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The Arrhenius equation relates the activation energy and the rate constant, k, for chemical reactions. In the Arrhenius equation, k = Ae−Ea/RT, R is the ideal gas constant, which has a value of 8.314 J/mol·K, T is the temperature on the kelvin scale, Ea is the activation energy in J/mole, e is the constant 2.7183, and A is a constant called the frequency factor, which is related to the frequency of collisions and the orientation of the reacting molecules.

The Arrhenius equation can be used to compute the activation energy of a reaction from experimental kinetic data. A convenient approach to determining the Ea for a reaction involves the measurement of k at two or more different temperatures. It uses a modified version of the Arrhenius equation that takes the form of a linear equation:

A plot of the ln k versus 1/T is linear with a slope equal to −Ea/R and y-intercept equal to ln A.

Consider the following reaction:

The activation energy of this reaction can be determined if the variation in the rate constant with temperature is known from the reaction kinetic data, as shown.

 Temperature (K) Rate constant (L/mol/s) 555 3.52 × 10–7 575 1.22 × 10–6 645 8.59 × 10–5 700 1.16 × 10–3 781 3.95× 10–2

The provided data can be used to derive the values of the inverse of temperature (1/T) and the natural log of k (ln k).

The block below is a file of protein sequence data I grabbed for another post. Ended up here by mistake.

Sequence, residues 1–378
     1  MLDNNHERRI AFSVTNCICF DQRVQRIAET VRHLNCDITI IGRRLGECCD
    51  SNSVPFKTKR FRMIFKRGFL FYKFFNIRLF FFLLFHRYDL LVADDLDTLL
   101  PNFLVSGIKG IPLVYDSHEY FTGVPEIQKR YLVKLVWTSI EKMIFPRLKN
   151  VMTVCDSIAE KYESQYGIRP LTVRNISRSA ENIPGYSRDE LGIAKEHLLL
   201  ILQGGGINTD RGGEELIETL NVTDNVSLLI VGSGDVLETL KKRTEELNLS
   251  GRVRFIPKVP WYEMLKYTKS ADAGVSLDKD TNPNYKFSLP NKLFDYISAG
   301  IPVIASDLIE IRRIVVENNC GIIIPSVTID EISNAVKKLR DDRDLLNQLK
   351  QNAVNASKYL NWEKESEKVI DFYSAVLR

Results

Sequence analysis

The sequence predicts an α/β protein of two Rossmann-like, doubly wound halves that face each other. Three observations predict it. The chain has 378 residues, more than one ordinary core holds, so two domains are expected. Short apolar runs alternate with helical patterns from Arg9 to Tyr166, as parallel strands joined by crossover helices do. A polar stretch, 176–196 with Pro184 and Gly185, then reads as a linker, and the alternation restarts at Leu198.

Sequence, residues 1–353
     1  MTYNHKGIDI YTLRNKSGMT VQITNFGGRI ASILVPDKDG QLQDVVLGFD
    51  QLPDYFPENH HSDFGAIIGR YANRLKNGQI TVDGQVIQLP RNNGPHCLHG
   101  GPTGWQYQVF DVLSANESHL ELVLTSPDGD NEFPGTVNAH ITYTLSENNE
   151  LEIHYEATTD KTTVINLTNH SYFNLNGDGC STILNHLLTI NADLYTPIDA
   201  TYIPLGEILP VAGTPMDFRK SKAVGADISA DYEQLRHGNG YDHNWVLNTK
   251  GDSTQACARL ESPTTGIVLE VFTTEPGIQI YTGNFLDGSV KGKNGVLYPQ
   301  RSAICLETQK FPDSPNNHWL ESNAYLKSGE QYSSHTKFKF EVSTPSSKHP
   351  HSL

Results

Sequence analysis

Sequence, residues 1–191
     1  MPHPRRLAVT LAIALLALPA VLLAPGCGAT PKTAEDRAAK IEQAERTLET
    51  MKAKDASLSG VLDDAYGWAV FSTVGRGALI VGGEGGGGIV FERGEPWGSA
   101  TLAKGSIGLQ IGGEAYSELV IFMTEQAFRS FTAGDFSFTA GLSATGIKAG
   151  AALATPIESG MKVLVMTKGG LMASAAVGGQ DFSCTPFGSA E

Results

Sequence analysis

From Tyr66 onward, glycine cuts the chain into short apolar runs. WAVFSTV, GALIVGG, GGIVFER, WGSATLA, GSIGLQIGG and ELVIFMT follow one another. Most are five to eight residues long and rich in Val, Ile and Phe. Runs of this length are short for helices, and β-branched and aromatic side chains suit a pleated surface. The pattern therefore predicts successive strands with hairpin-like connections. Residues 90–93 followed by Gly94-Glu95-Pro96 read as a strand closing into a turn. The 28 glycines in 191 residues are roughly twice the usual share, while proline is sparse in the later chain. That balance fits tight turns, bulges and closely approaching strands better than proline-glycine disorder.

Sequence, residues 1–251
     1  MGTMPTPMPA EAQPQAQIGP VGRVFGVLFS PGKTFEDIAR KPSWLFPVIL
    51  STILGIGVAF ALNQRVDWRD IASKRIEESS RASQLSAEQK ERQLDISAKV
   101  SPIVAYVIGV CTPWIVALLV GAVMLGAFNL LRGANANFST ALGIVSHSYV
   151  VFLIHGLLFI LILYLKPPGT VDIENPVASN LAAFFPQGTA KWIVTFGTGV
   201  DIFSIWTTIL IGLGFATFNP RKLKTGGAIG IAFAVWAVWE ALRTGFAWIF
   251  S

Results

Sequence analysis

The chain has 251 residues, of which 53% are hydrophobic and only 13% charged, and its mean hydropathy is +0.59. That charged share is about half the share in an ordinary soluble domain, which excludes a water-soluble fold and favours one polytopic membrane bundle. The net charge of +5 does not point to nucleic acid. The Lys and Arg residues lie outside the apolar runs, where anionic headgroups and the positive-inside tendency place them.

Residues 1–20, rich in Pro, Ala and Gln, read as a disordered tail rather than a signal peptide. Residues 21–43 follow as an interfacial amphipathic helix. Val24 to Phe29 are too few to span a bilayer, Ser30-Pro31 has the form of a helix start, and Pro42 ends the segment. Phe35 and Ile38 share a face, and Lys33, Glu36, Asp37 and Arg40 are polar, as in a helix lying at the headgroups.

1/T (K–1) ln k 1.80 × 10–3 –14.860 1.74 × 10–3 –13.617 1.55 × 10–3 –9.362 1.43 × 10–3 –6.759 1.28 × 10–3 –3.231

On plotting the derived data points with ln k versus 1/T, a line-graph exhibiting a linear relationship between ln k and 1/T is generated, as shown.

The slope of the line, which corresponds to the activation energy, can be estimated using any two of the experimental data pairs.

An alternative approach in deriving activation energy involves the utilization of the rate constant at two different temperatures. In this approach, the Arrhenius equation is rearranged to a convenient two-point form:

On rearranging the equation, an expression for the activation energy is generated.

By substituting any two data pairs and further calculation yields the value for the activation energy in joules per mole or kilojoules per mole.

This alternative two-point approach yields the same result as the graphical approach. However, in practice, the graphical approach typically provides more reliable results while working with actual experimental data.

This text is adapted from Openstax, Chemistry 2e, Section 12.5: Collision Theory.

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